The casualties suffered in the Philippines left the expedition with too few men to sail all 3 of the remaining ships. Consequently, on 2 May, they abandoned and burned Concepción. Reduced to Trinidad and Victoria, the expedition fled westward and later anchored off the Brunei coast.
Magellan's assistant, Pigafetta, recorded the splendour of the court of Brunei's ruler, Rajah Siripada in his journal. The king was said to have many luxurious possessions, from 2 pearls the size of hens' eggs, porcelain from China, eyeglasses from Europe, gold and many others. In addition, Brunei also boasted their tame elephants and an armament of 62 cannons, more than 5 times the armament of Magellan's ships.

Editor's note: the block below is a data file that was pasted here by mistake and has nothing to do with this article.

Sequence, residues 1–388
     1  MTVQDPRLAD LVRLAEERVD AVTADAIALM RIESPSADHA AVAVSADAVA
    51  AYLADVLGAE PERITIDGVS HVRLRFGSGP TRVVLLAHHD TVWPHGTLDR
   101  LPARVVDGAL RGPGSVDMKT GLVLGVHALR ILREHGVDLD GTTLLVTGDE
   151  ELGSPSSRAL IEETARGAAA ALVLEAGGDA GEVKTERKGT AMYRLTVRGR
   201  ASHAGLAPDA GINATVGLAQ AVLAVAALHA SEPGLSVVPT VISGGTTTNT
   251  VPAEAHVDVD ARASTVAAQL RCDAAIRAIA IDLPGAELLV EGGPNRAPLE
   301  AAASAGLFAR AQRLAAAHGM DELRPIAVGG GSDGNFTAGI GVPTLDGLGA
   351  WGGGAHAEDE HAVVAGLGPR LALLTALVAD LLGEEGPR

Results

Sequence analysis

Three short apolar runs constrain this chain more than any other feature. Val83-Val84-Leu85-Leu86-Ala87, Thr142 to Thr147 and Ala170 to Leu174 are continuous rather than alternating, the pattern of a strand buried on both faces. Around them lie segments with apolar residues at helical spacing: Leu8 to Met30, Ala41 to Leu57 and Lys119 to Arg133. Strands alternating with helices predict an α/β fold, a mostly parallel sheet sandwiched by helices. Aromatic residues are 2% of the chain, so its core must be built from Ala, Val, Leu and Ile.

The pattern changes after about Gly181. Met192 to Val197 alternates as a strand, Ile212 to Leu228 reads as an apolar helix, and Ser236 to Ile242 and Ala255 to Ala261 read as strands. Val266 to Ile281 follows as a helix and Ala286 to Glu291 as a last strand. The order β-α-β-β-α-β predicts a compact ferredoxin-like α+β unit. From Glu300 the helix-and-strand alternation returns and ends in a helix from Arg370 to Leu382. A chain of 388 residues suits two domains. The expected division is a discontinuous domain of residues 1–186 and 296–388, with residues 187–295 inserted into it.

From Brunei, they finally reached the Maluku Islands (or famously known as the Spice Islands) on November 6, 1521. After trading with the Sultan there, the 2 remaining ships, laden with valuable spices, decided to return to Spain by sailing westwards.
However, as they left the islands, the Trinidad began to take on water. The crew tried to discover and repair the leak, but failed. They concluded that Trinidad would need to spend considerable time being overhauled, however the small Victoria wasn't large enough to accommodate all the surviving crew.
As a result, Victoria with some of the crew sailed first for Spain. Several weeks later, Trinidad departed and tried to return to Spain via the Pacific route, but the attempt failed as the ship was wrecked in a storm.
Picture 1 — "Reception of the Spaniards in the court of Rajah Siripada of Brunei"
Picture 2 — "The Spaniards' arrival at the Spice Islands", 20th-century illustrations.